Blue Tower Asset Management Up 15.92% In 2014 [Part I]

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Blue Tower Asset Management annual letter for the year ended December 31, 2014.

Stay tuned for more from the letter.

I am pleased to report that in its first year of operation the  Blue Tower Global Value strategy has achieved a gross composite return of 15.92% for 2014. This year has been a difficult one for many investment managers, so I am glad I was able to grow the wealth of Blue Tower’s investors and reward the trust that they placed in me.

In this letter, I’d like to review the philosophy of Blue Tower and give the rationale behind two investments which were made in 2014 as a demonstration of that philosophy. Future letters will be on a quarterly basis and shorter in length.

Blue Tower Asset Management endeavors to provide above average capital appreciation over the long term while attempting to avoid large permanent impairments of capital. The two dominant approaches used on Wall Street today are quantitative investing and value investing. The philosophy of Blue Tower is to bridge the best practices of these two approaches by using recommendations generated by algorithms to create short lists of companies. These companies are then evaluated using classic value investing due diligence methods. This combined approach of machine intelligence and human understanding allows us to find hidden opportunities that most people would overlook while at the same time avoiding value traps to which a purely quantitative strategy may fall victim.

This strategy was formerly known as the Allometric Fundamental Value strategy when it was part of Allometric Research and Management LLC, a multi-strategy RIA. I found that being part of a multistrategy firm was confusing potential investors, so I created an independent RIA (Blue Tower) for the strategy. There was no change in the investment policy, management, or client base of the strategy during this transition, and the performance was linked in accordance with the GIPS portability rule.

In the attached monthly performance numbers, I compare the performance of the strategy to the CRSP Total Market index and the Russell 2000. The CRSP Total Market index is composed of nearly 100% of the public US equity market. The Russell 2000 is one of the most widely recognized small cap indexes and is composed of the 1001st to 3000th largest stocks by market capitalization. The Blue Tower Global Value strategy is a concentrated strategy that is not managed to any particular benchmark.

Despite the CRSP Total Market being the official benchmark for the strategy, the Global Value strategy is more correlated on a daily basis to the performance of the Russell 2000. The reason for the firm’s performance being more correlated to the performance of a small-cap market index rather than the market as a whole is that the firm’s holdings are currently mostly in small-cap stocks with 75.5% of the holdings in the Global Value strategy at year’s end being invested in companies with a market capitalization below $1 billion. This doesn’t reflect a directional view that small caps as a whole are currently a significantly better investment opportunity than larger companies, but rather due to lower market efficiency in regards to smaller companies. Small companies are the focus of far less attention from investors and sell side analysts and as a result small companies are more likely to be significantly mispriced and offer compelling valuations. I manage the portfolio in a bottom-up fashion and will continue to allow the valuations and merits of individual businesses to direct where capital is invested.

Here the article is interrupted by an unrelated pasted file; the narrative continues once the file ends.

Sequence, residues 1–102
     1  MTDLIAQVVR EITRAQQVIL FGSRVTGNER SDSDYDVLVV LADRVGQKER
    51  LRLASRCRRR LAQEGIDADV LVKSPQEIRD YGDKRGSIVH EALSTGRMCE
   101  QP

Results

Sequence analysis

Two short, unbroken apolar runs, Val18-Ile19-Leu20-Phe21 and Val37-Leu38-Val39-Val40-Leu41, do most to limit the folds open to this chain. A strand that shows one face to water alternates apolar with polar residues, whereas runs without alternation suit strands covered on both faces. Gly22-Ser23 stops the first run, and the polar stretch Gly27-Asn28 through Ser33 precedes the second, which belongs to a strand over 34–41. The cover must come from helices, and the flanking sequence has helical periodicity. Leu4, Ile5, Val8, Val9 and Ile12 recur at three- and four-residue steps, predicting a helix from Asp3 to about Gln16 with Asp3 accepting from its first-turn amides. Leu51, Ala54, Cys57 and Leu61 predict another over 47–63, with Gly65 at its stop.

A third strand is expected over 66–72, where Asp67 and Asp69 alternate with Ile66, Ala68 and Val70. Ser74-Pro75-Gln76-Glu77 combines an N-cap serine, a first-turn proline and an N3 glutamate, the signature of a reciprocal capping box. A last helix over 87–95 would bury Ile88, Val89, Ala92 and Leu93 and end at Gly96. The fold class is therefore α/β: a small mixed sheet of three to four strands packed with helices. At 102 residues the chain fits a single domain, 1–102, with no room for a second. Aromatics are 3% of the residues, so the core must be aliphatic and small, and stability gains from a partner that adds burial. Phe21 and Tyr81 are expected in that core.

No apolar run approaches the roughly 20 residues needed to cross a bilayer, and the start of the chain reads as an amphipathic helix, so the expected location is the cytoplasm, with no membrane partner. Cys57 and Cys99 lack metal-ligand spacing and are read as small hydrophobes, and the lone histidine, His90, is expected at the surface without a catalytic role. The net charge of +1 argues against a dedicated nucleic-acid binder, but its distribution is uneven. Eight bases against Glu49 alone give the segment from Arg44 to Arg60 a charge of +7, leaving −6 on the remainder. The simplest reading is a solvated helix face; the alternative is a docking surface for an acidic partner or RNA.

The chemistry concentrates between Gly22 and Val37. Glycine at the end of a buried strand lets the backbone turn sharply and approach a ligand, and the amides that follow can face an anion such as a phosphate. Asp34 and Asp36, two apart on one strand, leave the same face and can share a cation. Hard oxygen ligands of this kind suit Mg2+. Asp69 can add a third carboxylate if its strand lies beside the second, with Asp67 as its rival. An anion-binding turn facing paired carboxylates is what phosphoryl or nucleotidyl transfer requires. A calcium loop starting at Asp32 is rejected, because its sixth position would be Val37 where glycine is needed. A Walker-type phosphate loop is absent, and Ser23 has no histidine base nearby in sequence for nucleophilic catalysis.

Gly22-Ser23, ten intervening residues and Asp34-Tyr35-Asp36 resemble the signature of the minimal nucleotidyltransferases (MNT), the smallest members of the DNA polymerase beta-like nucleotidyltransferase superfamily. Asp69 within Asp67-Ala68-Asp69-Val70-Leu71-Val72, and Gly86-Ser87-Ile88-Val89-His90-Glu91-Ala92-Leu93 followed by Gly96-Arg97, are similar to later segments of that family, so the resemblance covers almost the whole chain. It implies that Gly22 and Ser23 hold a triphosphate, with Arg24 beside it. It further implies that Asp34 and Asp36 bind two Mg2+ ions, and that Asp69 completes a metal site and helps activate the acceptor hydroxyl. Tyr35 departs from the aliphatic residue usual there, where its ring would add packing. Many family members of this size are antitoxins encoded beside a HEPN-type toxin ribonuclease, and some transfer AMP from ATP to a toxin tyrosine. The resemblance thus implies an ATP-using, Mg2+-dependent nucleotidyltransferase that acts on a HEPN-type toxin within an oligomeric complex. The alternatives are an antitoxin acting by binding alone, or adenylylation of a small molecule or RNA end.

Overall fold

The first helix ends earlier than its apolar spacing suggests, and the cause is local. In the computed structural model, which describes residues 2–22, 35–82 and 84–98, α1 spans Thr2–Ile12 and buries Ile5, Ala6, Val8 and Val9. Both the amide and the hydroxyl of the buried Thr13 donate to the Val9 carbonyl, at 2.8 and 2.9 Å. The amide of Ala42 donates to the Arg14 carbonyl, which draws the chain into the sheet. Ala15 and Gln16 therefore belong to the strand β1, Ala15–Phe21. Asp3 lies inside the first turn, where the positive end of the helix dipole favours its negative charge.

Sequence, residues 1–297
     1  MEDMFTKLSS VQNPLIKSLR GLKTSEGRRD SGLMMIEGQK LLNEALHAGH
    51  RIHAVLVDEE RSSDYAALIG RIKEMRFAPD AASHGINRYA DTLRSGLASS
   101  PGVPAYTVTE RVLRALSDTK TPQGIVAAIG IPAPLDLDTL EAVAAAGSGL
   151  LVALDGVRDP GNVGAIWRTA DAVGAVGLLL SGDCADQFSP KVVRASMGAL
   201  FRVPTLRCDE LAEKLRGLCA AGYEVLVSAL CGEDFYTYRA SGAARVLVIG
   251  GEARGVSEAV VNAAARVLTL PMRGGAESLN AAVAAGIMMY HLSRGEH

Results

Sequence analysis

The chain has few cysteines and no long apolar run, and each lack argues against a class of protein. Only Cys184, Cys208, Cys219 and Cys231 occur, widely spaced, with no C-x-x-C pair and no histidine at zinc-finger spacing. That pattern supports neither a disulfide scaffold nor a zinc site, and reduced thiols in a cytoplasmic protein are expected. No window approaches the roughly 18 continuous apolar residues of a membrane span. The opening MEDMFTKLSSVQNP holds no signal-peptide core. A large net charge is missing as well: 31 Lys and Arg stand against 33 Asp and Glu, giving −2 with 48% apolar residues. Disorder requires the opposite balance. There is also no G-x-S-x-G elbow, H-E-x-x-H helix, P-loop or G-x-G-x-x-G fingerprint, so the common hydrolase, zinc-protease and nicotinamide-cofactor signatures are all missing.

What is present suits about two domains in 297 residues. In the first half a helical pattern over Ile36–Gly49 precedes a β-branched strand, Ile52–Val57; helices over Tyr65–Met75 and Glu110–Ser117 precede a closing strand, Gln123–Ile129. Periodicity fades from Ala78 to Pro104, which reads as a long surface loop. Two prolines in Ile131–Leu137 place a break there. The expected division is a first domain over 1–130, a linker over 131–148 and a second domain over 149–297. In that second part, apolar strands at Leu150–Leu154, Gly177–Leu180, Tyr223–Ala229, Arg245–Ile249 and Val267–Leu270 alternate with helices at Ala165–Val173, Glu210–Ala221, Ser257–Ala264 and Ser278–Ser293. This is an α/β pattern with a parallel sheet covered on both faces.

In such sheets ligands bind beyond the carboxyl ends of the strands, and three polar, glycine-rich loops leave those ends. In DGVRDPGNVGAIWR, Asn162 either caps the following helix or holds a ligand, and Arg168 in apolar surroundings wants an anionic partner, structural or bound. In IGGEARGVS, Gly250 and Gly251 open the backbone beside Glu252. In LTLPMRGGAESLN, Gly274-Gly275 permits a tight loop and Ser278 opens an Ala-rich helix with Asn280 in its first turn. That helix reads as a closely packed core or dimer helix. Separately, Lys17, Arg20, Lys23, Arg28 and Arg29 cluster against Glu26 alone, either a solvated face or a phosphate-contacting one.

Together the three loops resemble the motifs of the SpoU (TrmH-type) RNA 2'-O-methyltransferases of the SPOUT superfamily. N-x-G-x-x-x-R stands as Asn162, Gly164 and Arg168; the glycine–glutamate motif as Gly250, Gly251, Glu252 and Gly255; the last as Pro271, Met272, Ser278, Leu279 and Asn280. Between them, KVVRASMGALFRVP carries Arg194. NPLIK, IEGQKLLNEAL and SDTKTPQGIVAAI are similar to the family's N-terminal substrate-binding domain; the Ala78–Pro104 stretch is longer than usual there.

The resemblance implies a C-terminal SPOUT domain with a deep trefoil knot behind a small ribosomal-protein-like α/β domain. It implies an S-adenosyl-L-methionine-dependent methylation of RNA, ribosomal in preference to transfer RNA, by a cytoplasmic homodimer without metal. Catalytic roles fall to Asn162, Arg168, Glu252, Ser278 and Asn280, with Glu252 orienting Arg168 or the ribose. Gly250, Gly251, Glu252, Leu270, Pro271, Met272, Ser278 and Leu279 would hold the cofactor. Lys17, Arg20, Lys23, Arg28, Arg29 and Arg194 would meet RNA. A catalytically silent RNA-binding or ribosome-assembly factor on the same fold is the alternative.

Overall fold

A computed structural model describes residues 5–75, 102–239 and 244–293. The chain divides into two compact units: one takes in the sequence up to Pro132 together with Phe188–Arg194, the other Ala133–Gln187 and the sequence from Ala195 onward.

Blue Tower Asset Management – The Strategy

Blue Tower’s investment philosophy is a blend of two of the most dominant strategies used on Wall Street today; quantitative analysis and value investing. Screening algorithms, that I developed by adapting and combining the best elements of quantitative investment management strategies, will identify companies which score high on a number of accounting tests and which are trading at a low valuation. These companies are then vetted for investment using the best practices of classic value investing and industry analysis.

Factors that we look for in determining if a company is high quality are high returns on tangible assets, geographic and product diversification, improving industry structure, low cyclicality, high profit margins, conservative use of debt, and a high likelihood of continued organic growth in their main product categories. The strength of a company’s competitive position (their “moat”) is an important aspect of investing that many other value managers overlook.

Evaluating the management of a company is an important part of the qualitative portion of the research process that Blue Tower uses for determining investment quality. We want to invest in companies with highly motivated management who are of the highest integrity and put shareholder interests at the forefront. Management should be a good steward of the capital of the business. We first determine where management is using investor capital. A company’s management has four options when it comes to allocating capital: 1. Reinvest in the Business 2. Make acquisitions 3. Return capital to investors through share repurchase or paying dividends 4. Build up cash reserves/Pay down debt. Once we have determined where capital is being spent, we can evaluate the wisdom of these decisions.

Part II shortly – stay tuned

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